Have you tried breathing meditation before? Didn’t like it?

Don’t worry, we have a easier technique for you to try.

Another way to meditate is to practice something called gazing meditation.

Gazing meditation involves staring at one object in order to calm the mind.

We have all caught ourselves getting lost in our thoughts at one time or another. However, this is a practice to calm those thoughts and get focused in the present moment.

Gazing is an ancient meditation technique. It can be done as a stand alone meditation practice or when you need to settle down.

While meditation is usually done with the eyes closed, this meditation is done with the eyes open, softly and gently directed toward an external object such as a flower, candle flame or a beautiful scene.

This practice can be extremely calming for the mind and is an excellent way to enhance your concentration.

9 Simple Steps to Practice A Candle Gazing Meditation

Here’s how to practice gazing meditation, according to the mindfulness experts at Ornish. Keep in mind that you don’t have to use a candle, it can also be any object that you find uplifting.

1) Find a comfortable steady seated pose either in a chair or on the floor.

2) Place a lit candle in front of you either at eye level or on the floor. (if you set the candle on the floor try not to let your head fall forward in an effort to see the candle. Maintain a balanced and steady seated pose)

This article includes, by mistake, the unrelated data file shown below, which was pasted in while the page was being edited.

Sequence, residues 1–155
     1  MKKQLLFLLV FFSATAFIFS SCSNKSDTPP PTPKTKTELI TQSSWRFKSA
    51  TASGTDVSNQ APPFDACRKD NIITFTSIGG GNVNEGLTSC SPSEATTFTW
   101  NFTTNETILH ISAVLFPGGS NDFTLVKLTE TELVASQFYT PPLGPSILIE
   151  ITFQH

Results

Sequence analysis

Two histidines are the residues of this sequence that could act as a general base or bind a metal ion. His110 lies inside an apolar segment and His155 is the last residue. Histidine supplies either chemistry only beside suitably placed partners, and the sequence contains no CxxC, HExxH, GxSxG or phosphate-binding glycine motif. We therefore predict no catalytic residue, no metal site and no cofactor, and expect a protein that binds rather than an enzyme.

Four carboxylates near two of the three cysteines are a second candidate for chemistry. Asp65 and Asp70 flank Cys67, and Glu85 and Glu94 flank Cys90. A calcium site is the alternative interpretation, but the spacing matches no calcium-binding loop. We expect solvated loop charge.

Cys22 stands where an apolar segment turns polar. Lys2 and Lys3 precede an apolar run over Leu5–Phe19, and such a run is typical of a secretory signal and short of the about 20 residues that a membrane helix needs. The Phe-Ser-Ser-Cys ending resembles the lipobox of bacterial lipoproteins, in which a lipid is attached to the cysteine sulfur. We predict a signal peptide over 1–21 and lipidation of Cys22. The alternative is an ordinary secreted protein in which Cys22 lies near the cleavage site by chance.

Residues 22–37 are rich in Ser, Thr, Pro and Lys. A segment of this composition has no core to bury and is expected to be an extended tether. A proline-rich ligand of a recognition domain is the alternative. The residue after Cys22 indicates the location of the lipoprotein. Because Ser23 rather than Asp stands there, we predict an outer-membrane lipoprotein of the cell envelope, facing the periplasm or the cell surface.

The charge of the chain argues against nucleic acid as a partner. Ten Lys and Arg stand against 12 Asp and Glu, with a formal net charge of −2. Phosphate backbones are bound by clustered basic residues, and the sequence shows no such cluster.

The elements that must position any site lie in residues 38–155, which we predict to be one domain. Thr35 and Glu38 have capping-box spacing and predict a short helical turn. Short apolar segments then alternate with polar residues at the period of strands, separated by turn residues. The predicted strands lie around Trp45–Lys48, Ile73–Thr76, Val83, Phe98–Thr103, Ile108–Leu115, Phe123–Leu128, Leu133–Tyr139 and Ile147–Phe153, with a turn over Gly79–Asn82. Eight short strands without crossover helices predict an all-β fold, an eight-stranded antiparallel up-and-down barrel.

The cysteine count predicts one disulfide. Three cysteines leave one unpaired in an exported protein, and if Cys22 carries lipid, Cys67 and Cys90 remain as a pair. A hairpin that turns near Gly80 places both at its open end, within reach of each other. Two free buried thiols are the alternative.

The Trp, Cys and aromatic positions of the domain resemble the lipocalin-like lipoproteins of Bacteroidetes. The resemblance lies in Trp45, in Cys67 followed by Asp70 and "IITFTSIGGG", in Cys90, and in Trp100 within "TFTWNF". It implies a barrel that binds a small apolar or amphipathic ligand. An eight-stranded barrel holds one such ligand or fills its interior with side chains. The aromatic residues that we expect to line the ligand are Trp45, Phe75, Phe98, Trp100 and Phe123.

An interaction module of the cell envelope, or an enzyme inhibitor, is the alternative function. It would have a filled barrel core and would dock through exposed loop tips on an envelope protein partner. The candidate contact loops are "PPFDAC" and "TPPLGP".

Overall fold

3) Settle into your seated pose as you take several conscious, slow, deep breaths.

4) Let the eyes soften and relax as you gaze upon the candle flame. Notice any sensations you feel. Let your attention rest there for as long as feels comfortable.

5) When the eyes grow tired, gently close them and bring the image of the candle flame behind the eyes or to the point between the eyebrows.

6) Visualize the flame at that point. When the image of the flame fades, then allow the eyes to softly open again. (This may be familiar since many of us have found ourselves staring at candles or even a campfire and feeling drawn in by the sense of stillness it inspires in us.)

7) Continue the practice of gazing at the flame and then closing the eyes and holding the image behind the eyes (or the point between the eyebrows).

8) At some point you may not want to open the eyes to the external flame. At that point feel free to rest inside of yourself with the image. You may instead find that keeping the eyes fixed on the flame with out closing them is more helpful for you. You may even notice that this practice serves as a foundation for moving inward with other practices of breathing and meditation.

9) Observe how you feel. Let the practice be fluid. If it helps you in calming the mind then adopt it as your own. Play with it and find a way to use it in your own life.

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